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April 24, 2011

AKG K1000 Extension Cable with Spades

Any headphone enthusiast worth his/her salt is going to be very familiar with the AKG K1000 headphones (or more appropriately, earspeakers). The K1000s succeeded the K340s in AKGs lineup and make use of a dynamic driver, and with a low 74dB/mW free field sensitivity, they take a good amount of wattage to sound their best. When they were initially released, they commanded a sticker price of $1200. Now that they are discontinued, they still garner about the same amount on the used market. I've had the pleasure of hearing the K1000s at a number of meets; they have a sound all their own with a very enveloping, larger-than-life soundstage.  

The AKG K1000 Earspeakers
Because they require so much juice, many users opt to use an adapter tail for the K1000s to plug into a standard speaker amplifier, more often than not, a tube-based amp that outputs 10+ watts. This post is focused on the creation of an adapter tail for the K1000s so the owner can use said speaker amplifier to power them. 

The process begins by selecting a nice suitable wire that is flexible, but is also able to transfer a suitable amount of juice to the power-hungry AKGs, something two to three times as thick as a typical 24 gauge wire. In this case, I'm using a thick, internally-litzed Cardas conductor in Teflon dielectric.  

How nearly all Zynsonix cables start their life

This wire is hand braided in a litz formation of four wires so that the cable maintains the same EMI/RFI rejecting geometry all the way across the length of the cable. 

A hand-braided litz of Cardas wire

Once this process is complete, the braided wire is fed into a sleeve of soft black nylon multifilament to not only give it a nice, vintage look, but help prevent microphonics when the listener inadvertently brushes the cable against something. At the Y-split, I melt the multifilament together to ensure that it does not separate when pulled or tugged.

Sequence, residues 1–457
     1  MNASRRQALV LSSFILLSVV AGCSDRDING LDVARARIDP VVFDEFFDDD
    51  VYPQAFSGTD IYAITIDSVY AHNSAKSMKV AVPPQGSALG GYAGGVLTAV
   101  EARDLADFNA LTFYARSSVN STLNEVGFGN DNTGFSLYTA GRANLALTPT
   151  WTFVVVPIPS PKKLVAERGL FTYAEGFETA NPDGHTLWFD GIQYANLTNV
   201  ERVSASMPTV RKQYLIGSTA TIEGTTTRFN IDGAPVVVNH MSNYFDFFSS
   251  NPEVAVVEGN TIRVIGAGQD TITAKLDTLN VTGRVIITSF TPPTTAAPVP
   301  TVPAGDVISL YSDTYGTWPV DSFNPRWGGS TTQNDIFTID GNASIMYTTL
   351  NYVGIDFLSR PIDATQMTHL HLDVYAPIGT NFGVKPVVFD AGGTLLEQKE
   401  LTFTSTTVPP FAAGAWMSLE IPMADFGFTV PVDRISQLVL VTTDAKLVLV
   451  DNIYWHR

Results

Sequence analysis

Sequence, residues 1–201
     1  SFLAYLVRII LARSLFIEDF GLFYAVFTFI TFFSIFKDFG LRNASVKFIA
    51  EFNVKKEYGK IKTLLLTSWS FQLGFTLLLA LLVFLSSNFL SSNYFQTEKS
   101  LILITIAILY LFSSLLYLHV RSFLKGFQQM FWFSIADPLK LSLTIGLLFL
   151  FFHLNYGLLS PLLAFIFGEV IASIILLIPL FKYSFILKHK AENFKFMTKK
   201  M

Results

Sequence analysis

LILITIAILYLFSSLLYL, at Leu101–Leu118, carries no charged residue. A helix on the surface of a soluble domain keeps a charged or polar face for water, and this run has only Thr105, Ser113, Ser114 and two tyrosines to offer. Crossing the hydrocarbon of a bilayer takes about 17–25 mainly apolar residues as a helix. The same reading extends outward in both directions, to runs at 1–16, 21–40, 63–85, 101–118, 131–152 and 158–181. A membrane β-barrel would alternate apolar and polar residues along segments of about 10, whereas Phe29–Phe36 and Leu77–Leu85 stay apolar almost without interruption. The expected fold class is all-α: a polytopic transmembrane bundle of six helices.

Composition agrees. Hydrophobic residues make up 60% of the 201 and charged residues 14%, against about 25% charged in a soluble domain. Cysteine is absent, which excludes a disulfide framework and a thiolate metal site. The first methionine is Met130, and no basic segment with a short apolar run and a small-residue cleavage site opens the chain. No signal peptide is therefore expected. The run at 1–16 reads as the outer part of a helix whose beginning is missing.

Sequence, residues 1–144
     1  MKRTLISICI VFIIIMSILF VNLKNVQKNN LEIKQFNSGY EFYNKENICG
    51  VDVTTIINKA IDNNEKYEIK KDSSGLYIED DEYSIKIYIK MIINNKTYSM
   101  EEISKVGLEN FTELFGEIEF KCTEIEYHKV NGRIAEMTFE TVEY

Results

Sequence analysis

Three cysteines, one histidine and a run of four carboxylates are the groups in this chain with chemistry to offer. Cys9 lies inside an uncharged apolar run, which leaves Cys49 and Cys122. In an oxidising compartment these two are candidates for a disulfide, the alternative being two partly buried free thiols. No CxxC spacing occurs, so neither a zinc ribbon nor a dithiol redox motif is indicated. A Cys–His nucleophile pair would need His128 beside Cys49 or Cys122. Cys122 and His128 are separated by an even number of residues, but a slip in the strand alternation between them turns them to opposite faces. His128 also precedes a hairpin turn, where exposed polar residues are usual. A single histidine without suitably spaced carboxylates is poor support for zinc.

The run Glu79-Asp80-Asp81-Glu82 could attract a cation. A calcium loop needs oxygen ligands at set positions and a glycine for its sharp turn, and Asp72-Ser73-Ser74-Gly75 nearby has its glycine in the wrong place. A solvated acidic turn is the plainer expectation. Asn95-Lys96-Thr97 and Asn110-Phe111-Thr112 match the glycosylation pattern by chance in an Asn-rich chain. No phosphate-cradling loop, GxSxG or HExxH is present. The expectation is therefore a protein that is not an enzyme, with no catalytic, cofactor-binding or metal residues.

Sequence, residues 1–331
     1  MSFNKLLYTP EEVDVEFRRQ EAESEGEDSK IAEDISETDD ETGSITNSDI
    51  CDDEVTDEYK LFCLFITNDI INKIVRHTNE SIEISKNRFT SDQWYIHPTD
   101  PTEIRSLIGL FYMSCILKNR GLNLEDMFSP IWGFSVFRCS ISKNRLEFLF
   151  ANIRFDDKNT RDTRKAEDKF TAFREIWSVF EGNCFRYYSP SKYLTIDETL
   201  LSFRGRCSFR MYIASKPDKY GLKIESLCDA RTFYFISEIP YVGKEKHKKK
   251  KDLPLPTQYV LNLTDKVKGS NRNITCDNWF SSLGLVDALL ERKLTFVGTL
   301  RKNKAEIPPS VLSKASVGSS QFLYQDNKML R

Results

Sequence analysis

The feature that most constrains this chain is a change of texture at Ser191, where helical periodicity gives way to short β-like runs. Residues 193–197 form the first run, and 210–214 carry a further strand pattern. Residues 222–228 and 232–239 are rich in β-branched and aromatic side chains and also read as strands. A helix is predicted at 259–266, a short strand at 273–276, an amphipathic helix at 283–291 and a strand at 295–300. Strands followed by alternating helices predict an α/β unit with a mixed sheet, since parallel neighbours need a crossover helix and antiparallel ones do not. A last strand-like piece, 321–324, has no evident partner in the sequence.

Wire sleeved with black nylon multifilament

There are many different ways to handle a Y-split on a cable, whether a simple bit of adhesive heatshrink, cable pants, or something fancy like ViaBlue splitter. In this case I'll be using the barrel of an unused RCA connector just for the sake of making it look nice. 

RCA Barrel that will be covering the Y-split

Once this barrel is slipped over the split, heatshrink and adhesive is used to keep it in place. 

A heatshrink covered RCA barrel

Now that the dressing is complete, a four pin gold Neutrik female connector is installed on one end and identifying heatshrink is added to the speaker connector ends of the wire. The Cardas wire is stripped and the enamel is melted away using some piping-hot 900 degree solder. 

Nearly complete with Neutrik 4 Pin connector

For the speaker connectors, I'm using some very nice Homegrown LOK rhodium over silver plated spades. Rhodium requires quite a bit of heat to solder to, so the wire is set in place and ample solder and iron heat are used to make a solid connection. Before this is done, additional heatshrink is slipped on the speaker ends to fasten the sleeve to the termination and keep it from moving. I also added a set of clear heatshrink to cover the positive and negative identification tags for aesthetic purposes. 

The final cable

The cable is finally complete! If you're a K1000 owner (or any headphone owner) looking for a headphone to speaker cable, Zynsonix.com would be happy to help. 

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